Unpaid job trials and internships are on the rise in Australia, with young graduates at particular risk of being exploited, according to new research.
The internships, which are common in the United States, have become increasingly popular in Australia but a new report out today says the arrangements are illegal.
Read your thoughts on unpaid internships below.
It has prompted Fair Work Ombudsman Nicholas Wilson to launch a crackdown on unpaid work experience.
"The advice I'd have to any person in that category would be to say 'look, don't do that'," he said.
"It really is putting you at risk of being a long-term unpaid person."
Mr Wilson commissioned a report on the prevalence of unpaid work experience and internships in Australia.
University of Adelaide professor of law Andrew Stewart is one of the report's authors.
"It's clear from the Fair Work Act that if you are doing work experience as part of an authorised educational training course, then that's perfectly OK," he said.
"Outside that, if you've got a pretty firm agreement with your employer and it doesn't have to be in writing to come into work and to get something in return and that might be just experience or being able to add to your resume, your CV, that is capable at law of amounting to an employment contract, [you] therefore should be paid at least the minimum wage."
Professor Stewart says it is hard to say how many Australians are doing unpaid work experience or internships.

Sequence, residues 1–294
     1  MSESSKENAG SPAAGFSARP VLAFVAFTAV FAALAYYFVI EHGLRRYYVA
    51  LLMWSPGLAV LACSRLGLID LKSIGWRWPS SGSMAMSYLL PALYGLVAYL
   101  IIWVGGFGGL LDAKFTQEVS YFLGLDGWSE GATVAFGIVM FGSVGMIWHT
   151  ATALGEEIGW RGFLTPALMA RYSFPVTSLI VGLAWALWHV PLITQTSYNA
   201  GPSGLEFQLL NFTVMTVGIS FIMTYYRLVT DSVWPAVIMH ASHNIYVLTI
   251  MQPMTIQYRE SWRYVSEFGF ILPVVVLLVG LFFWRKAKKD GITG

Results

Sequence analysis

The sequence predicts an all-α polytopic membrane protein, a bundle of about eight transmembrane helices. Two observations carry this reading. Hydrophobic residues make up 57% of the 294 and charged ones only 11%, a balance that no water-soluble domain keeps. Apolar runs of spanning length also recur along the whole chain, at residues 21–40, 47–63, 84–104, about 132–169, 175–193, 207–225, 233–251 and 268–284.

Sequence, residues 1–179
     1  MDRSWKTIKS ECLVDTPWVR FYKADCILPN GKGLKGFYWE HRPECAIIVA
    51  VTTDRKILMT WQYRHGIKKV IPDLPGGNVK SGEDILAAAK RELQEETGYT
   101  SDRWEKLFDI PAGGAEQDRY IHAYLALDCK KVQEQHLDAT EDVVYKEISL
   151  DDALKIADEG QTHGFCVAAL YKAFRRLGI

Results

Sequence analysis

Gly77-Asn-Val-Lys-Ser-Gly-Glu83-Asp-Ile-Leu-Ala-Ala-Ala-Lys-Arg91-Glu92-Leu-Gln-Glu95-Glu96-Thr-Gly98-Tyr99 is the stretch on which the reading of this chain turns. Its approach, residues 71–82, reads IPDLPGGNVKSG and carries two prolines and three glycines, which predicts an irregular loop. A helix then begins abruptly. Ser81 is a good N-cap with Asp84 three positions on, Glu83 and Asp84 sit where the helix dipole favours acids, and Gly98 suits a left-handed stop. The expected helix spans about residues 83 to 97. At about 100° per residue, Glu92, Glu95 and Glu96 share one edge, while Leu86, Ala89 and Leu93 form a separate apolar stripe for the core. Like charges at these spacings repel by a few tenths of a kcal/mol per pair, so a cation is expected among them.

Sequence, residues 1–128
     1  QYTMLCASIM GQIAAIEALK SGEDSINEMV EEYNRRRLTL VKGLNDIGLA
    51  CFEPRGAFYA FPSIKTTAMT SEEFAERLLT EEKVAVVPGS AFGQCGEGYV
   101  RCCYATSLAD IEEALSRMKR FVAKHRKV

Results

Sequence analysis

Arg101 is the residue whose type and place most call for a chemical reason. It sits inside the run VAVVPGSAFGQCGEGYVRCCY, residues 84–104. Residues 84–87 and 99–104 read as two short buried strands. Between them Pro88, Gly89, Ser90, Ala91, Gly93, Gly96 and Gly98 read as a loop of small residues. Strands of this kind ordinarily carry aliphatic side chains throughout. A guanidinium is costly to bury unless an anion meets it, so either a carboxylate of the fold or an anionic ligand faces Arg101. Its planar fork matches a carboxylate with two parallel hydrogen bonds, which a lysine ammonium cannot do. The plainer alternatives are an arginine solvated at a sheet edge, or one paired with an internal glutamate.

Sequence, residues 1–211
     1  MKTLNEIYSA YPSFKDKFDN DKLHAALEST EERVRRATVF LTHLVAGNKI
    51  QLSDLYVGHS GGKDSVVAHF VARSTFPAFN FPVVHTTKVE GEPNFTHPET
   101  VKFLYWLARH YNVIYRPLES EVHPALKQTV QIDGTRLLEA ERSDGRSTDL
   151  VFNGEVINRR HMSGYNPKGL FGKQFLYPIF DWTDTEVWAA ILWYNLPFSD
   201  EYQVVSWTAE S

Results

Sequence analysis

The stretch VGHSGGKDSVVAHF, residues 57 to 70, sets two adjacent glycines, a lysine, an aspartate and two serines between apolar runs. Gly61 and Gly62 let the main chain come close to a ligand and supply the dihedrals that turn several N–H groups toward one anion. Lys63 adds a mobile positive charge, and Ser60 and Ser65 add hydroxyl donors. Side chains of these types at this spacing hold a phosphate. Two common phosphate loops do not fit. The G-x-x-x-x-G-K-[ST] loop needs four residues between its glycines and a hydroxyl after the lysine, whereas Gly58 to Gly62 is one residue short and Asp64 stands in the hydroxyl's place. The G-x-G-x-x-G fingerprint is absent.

But it seems to be common practice in most professions and the hospitality and hair and beauty industries.
He says acceptance of the practice has broad ramifications for the labour market.
"This is a great time to stop and think as a community, do we want to go down this road?" he said.
"Do we want to see paid entry-level jobs disappearing and instead people having to work for free for weeks or months to get a start in a particular industry or a particular occupation?"
Mr Wilson says his office will now focus on educating employers and workers about work experience rights and responsibilities.
"We're going to be working first of all with peak councils of unions and employer groups over the next few months," he said.
"We'll be convening a forum in late February which is particularly to check in with unions and employer groups at the very highest level whether or not they see the same sorts of things."
The Ombudsman says his office will also conduct targeted field inspections over the next few months and employers who do not heed warnings will most likely end up in court.